Guernsey – The Connected Jurisdiction (CareyOlsen)

Guest contributor: Tom Carey – Partner, Carey Olsen.

When establishing your fund, factors driving the choice of domiciliation are mostly driven by the funds’ investors, regulatory marketing limitations and costs of operating the fund.  In the margins of the decision a mostly overlooked consideration is the question of the quality and reliability of the location’s communication systems and IT Infrastructure.

Why is this important?  Poor quality or unreliable systems slows things down, makes things inefficient and as Manager you need peace of mind that the jurisdiction you select is on the grid when you’re closing the deal and making decisions – in the moment, data connectivity, data quality and IT infrastructure matter.  It’s an overlooked consideration but Guernsey has considerable strength as the connected jurisdiction.


Guernsey one of the most digitally connected places in the world

Guernsey first emerged as a centre of trade in the late 17th century when St Peter Port became an entrepôt for goods being shipped to and from the continent and Britain.  Trade has remained an important pillar of the island’s economy ever since, but today we rely on trade in the digital sense, rather than a maritime one. This is nowhere more evident than in our financial services sector.

Thanks to geographical fortune, Guernsey’s position in the English Channel puts it at the heart of subsea fibre-optic cables which links data and digital traffic between the UK, Europe, the Americas, the Middle East and Africa.  The scale, resilience and efficiency of these state-of-the-art connections have allowed the financial services industry to flourish and allow it to transact business speedily and securely worldwide.  Believe it or not, it makes Guernsey one of the most digitally connected places in the world and has allowed eGaming to become a major success story for the island as internet gambling and gaming businesses choose to locate their data servers or indeed their offices in Guernsey.

In addition, there is a demonstrable enthusiasm amongst local government, industry and the telecommunication providers to enhance Guernsey’s digital infrastructure even further and to capitalise on these opportunities. The digital and telecommunications strategies for the island show that Guernsey is not resting on its laurels – with the promise of fibre links to business districts and even faster broadband connections across the island.


Innovating & global firsts

Guernsey has already gone a long way in positioning itself as a go-to jurisdiction for digital innovation in financial services; so needs a digital infrastructure that matches what it is preaching and delivering to clients.

Take blockchain, a type of distributed ledger or decentralised database of digital transactions, as an example. Our lawyers at Carey Olsen advised Northern Trust on the launch of the first commercial deployment of blockchain for the private equity market in 2017 for a Guernsey-based investment fund managed by Unigestion. This was then followed by us working alongside Northern Trust earlier this year on its pioneering work to deploy legal clauses as smart contracts directly from a digital legal agreement onto its private equity blockchain. Guernsey was also home to the first global use of blockchain technology in the issuing of notes in the insurance-linked securities sector.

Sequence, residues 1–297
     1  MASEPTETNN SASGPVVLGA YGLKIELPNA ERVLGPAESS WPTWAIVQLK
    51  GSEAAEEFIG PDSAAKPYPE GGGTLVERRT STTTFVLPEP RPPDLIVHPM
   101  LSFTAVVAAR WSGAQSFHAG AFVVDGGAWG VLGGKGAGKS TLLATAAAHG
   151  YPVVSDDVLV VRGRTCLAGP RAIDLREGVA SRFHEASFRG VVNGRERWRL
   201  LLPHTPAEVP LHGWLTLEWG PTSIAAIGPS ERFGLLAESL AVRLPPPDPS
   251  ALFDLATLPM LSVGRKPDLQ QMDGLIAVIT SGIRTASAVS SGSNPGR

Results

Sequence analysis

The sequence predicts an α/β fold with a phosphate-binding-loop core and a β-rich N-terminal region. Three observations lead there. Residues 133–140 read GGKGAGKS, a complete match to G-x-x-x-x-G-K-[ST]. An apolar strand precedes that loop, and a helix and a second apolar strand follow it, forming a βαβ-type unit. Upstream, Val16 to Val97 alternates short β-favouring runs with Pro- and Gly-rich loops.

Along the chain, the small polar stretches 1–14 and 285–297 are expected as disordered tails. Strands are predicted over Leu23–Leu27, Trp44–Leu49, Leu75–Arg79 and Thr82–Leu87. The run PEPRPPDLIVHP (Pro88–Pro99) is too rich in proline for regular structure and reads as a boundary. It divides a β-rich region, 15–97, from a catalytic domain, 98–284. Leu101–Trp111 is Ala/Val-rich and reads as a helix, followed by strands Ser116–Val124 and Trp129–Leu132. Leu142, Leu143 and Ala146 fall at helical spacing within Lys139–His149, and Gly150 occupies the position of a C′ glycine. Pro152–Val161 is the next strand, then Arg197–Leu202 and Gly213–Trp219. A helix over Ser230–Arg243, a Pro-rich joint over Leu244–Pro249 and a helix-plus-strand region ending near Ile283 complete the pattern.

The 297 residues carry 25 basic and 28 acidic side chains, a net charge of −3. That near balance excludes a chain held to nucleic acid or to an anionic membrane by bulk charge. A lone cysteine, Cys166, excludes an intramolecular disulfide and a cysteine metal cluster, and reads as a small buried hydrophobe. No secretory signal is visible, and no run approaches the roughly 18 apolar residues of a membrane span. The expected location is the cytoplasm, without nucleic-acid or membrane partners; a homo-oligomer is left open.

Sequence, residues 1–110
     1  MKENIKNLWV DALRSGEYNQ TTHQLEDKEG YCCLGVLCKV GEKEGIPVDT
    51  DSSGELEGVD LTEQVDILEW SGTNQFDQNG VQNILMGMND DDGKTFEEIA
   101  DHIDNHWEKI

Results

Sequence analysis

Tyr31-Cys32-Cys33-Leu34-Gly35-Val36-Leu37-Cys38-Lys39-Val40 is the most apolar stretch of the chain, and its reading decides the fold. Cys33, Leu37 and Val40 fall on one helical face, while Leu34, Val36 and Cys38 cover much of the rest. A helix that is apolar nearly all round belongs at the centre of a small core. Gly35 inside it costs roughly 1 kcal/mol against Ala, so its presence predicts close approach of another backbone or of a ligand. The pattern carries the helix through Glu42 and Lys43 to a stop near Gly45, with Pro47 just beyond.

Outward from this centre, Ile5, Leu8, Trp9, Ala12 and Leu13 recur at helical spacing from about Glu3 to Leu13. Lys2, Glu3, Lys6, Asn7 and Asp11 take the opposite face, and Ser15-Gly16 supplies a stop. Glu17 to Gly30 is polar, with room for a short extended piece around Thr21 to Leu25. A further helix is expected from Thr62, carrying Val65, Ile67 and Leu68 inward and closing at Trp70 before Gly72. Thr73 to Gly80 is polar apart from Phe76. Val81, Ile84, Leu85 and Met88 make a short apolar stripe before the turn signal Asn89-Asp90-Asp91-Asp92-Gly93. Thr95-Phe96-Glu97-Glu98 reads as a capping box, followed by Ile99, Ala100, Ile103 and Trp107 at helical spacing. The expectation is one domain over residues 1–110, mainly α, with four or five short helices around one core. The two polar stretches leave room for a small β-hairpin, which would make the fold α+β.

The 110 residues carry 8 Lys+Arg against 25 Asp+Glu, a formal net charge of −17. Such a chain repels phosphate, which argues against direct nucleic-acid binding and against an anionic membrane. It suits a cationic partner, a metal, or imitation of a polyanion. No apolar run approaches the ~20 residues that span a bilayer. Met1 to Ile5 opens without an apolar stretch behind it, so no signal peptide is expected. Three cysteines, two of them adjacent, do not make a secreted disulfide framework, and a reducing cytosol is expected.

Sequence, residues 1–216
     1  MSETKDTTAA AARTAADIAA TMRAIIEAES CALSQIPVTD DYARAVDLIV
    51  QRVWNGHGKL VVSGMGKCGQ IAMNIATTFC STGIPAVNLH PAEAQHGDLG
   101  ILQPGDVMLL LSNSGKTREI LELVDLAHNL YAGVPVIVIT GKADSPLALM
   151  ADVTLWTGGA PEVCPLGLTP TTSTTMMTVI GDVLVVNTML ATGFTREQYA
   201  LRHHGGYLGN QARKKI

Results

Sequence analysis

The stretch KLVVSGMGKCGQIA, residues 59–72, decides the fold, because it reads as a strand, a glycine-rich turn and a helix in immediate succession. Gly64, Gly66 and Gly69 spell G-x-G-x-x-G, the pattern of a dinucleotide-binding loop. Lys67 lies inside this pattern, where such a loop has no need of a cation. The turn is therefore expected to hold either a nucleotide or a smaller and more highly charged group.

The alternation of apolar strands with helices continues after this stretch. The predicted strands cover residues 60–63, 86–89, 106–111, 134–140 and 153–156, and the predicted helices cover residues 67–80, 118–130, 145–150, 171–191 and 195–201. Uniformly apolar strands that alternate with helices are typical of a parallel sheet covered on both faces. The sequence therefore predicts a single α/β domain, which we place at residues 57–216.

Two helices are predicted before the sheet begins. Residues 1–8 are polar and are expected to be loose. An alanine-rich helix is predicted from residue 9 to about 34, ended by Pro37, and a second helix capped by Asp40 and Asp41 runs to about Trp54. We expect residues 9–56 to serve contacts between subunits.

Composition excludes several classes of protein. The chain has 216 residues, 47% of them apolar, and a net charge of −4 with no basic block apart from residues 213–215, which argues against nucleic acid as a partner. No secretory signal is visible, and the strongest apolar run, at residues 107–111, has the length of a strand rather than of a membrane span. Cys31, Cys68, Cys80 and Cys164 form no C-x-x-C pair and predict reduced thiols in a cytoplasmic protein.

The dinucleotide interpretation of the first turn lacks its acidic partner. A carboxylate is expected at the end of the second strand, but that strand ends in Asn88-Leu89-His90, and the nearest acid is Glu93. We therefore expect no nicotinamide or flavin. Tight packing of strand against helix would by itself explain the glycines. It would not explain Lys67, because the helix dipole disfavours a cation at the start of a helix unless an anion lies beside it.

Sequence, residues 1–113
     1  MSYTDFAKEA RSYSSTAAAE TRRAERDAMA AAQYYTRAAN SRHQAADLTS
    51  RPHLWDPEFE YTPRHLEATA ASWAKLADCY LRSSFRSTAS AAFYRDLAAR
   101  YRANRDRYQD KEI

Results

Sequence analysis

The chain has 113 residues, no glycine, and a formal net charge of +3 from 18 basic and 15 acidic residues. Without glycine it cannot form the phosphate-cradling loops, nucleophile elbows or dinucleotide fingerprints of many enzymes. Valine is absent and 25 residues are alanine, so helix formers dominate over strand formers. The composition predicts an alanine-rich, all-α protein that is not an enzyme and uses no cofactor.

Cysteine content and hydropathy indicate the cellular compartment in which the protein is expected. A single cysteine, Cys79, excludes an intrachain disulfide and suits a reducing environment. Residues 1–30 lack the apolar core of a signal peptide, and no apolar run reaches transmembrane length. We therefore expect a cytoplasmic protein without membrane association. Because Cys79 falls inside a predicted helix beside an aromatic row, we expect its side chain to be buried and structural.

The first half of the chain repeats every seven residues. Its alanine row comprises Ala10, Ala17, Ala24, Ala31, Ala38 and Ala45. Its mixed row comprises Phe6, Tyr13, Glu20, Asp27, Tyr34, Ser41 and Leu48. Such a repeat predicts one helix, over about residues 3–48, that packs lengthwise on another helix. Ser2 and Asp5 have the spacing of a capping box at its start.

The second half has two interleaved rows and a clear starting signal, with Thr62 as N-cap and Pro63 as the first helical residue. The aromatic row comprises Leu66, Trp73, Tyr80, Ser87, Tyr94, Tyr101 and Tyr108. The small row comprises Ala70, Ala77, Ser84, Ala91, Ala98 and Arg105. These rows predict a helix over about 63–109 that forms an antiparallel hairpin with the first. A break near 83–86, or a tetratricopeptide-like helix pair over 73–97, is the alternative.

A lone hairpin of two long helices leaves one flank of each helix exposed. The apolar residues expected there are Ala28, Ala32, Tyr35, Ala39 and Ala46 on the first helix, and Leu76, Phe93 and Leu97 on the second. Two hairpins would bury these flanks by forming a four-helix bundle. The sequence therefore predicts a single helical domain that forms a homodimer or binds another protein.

Make no mistake, blockchain is a game-changer for financial services. Guernsey has been at the forefront of its emergence into the mainstream, but we would not want our involvement to end there. The island’s finance industry has an appetite to do more of this type of work and to be part of an even broader fintech revolution that goes beyond just blockchain. Great on-island events like Finvention underline the enthusiasm.

In fact, what helps Guernsey is that we already have in place a fantastic Electronic Transactions Law. Introduced in 2000, the law was ahead of its time and has enabled the Government to be fleet of foot in introducing specific legislation to deal with smart contracts and bot-to-bot transactions. Indeed, earlier this year saw the approval of the Electronic Transactions (Electronic Agents) (Guernsey) Ordinance, 2019, under the original 2000 law, and in doing so, demonstrated our global leadership in offering certainty in the use of ‘electronic agents’ in transactions and contract matters, and in creating a smart, secure environment for the exploitation of technology for specialist financial services.

Similarly, the introduction of the Data Protection (Bailiwick of Guernsey) Law, 2017 on the same day that the General Data Protection Regulation came into force across Europe last year, underlines our commitment to remaining at the forefront of international standards safeguarding transmissions of data in a digital setting.

Maintaining these standards is crucial for Guernsey going forward, as will be keeping pace with digital technology and providing the required infrastructure to enable industries, like our finance sector, to flourish while using it.